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What is the best non-EASA tourer for NPPL use and maybe not needing the permits?

With regard to considerations such as this which in April 2018 will affect a large number of UK pilots who currently fly certified aircraft, what would people suggest?

It seems to me that the RV range stands out by a big margin…

  • decent performance
  • normal low speed handling
  • good runway versatility
  • approvable for IFR, and actually suitable for IMC due to being all-metal

It goes without saying that it needs to be available ready built

I posted this Q here in Non Certified (loosely meaning “no ICAO CofA”) but maybe it isn’t quite so simple. This thread on what exactly is non EASA suggests there may be “non EASA” types which do have an ICAO CofA and thus don’t require the various permits. Certainly if “non EASA” meant “not having an EASA CofA” then there will be types which can fly freely anywhere in Europe.

Pilots flying such a type on the NPPL would still be limited to UK only, unless they get an EASA medical in which case AFAIK France accepts the NPPL also. Beyond that, you would need somebody with the full PPL and then the permit Q would come in, but I suspect this is a flexibility which most would be quite keen to have.

I am aware that there are several countries in Europe where “homebuilts” can fly freely, and there are other countries which have no known regs against it (so it is legal), so let’s not start that business again because it has been done to death (well, to the extent that anybody can find and quote the regs) it isn’t useful unless you fly only in those regions.

Administrator
Shoreham EGKA, United Kingdom

Peter wrote:

It seems to me that the RV range stands out by a big margin…

No question about it. You can also add that there are lots of them, they use Lycoming (or clone), simple and traditional design, all metal. This means it’s straight forward for any mechanic used to a traditional certified GA airplane to work on it. You can call or mail the factory for any problem or question, they always answer. Great online community, with very knowledgeable people.

It’s phenomenal performance. It’s one of the very few GA aircraft (except most modern microlights) where top speed (not Vne by the way) => 4*Vs
Take off and lands in less than 200 m, climbs at around 2000 ft/min, cruises at 170-180 knots. Most of them are aerobatic.

ENVA ENOP ENMO, Norway

If IFR stability were a priority, along with efficiency, and aerobatics not a priority, I’d suggest the best solution would be a Vans RV-9A with a fuel injected Lycoming IO-320, 160 HP or similar clone. Autopilots are being fitted to many of them. Range might be an issue depending on need.

Last Edited by Silvaire at 21 Jul 16:53

I guess this question was just too obscure

An aircraft

  • with an ICAO CofA (thus doesn’t need the various permits around Europe) and
  • which is a non-EASA aircraft (thus can be flown on the NPPL after April 2018).

Something like an RV, Lancair, etc, can be flown UK to France AFAIK without any permit but only if the NPPL holder has the full CAA Class 2 medical, which defeats the point of the NPPL.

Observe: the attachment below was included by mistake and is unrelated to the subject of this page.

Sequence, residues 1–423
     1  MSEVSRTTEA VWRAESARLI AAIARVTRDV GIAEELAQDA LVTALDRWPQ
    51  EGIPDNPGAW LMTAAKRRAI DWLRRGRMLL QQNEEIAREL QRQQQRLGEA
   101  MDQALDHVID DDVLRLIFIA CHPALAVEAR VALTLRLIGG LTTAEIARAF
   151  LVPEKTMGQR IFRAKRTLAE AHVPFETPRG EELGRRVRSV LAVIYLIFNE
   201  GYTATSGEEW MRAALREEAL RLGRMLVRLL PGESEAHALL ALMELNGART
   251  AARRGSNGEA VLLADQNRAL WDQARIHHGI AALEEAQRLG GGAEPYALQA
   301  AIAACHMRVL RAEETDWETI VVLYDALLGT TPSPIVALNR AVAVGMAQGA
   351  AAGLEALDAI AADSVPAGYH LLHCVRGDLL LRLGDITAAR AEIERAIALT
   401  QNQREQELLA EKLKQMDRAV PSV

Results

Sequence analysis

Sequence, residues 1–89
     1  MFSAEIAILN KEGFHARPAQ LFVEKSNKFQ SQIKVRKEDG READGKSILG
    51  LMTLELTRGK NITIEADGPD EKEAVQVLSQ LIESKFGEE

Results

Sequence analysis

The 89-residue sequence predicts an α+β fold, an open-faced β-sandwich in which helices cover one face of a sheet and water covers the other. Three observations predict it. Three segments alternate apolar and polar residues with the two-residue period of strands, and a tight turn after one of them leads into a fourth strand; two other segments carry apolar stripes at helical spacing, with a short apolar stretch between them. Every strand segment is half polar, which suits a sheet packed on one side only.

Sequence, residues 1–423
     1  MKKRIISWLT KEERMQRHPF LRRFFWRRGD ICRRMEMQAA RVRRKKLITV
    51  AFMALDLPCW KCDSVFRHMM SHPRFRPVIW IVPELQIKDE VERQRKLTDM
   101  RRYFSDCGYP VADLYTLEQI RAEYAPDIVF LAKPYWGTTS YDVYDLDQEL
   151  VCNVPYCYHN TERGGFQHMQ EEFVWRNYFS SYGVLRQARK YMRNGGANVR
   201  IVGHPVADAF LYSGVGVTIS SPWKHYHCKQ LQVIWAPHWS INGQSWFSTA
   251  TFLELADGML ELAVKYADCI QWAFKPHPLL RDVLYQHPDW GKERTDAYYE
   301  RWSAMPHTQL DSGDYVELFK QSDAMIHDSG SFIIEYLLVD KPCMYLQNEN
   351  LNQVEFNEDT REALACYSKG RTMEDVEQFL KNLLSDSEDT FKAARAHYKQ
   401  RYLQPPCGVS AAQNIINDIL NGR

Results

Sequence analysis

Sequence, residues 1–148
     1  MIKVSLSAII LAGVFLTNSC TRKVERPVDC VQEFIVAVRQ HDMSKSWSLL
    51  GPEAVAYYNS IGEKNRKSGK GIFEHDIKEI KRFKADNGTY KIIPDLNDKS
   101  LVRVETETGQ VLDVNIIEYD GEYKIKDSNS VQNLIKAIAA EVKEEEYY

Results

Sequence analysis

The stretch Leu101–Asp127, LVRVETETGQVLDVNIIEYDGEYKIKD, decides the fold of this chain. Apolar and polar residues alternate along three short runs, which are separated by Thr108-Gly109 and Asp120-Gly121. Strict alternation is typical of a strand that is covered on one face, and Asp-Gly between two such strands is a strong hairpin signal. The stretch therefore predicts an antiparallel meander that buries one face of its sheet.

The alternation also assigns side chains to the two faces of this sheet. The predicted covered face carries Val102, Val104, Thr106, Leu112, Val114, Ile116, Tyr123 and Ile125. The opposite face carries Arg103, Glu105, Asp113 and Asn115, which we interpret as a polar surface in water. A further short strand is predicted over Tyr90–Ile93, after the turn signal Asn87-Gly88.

Administrator
Shoreham EGKA, United Kingdom

That’s an interestingly tight Venn disagram of aircraft types I have no current listing of ‘EASA aircraft’ but it stands to reason that an FAA/ICAO certified aircraft that was never marketed in Europe might avoid EASA’s list.

An owner posting recently claimed the Meyers 200 is an ‘EASA aircraft’, and if so that one is out. Too bad.

A Navion Rangemaster would do Peter’s mission very well, although I see some 1960s images on-line with D-registration. Not sure it avoids EASA’s list.

A highly STC-modified Globe/Temco Swift or a Micco SP-20 might be good if you needed only two seats.

I imagine anything certified pre-WWII wouldn’t make EASA’s list, but they are all normal category in the US. ‘Antiquey’ choices might be: Beech Staggerwing, Stinson Reliant, Howard DGA etc.

Last Edited by Silvaire at 27 Jul 20:54

Weren’t there some “common” types which could go on Annex 2 in the UK? I have a very vague recollection that some ex-mil ones could, and even one very similar to a PA28.

There were definitely types which could exist on Annex 2 and CofA concurrently, though obviously not the same aircraft and as a revenue preservation measure the UK CAA would not allow the CofA type to be moved to Annex 2 (only vice versa was allowed).

Administrator
Shoreham EGKA, United Kingdom

Peter wrote:

There were definitely types which could exist on Annex 2 and CofA concurrently, though obviously not the same aircraft

Bulldog, made initially at Shoreham

Last Edited by Silvaire at 27 Jul 21:00

Bolkow 207 maybe?

Edit – 207 is the four seater.

Last Edited by WilliamF at 28 Jul 08:58
Buying, Selling, Flying
EIBR, Ireland

Silvaire wrote:

That’s an interestingly tight Venn disagram of aircraft types

Indeed. Maybe one single type exists ? NPPL is a pure British phenomenon also I understand, so it also involves a very tight diagram of pilots.
ENVA ENOP ENMO, Norway

Peter wrote:

Weren’t there some “common” types which could go on Annex 2 in the UK?

The Piper Apache is non-EASA.

Andreas IOM
17 Posts
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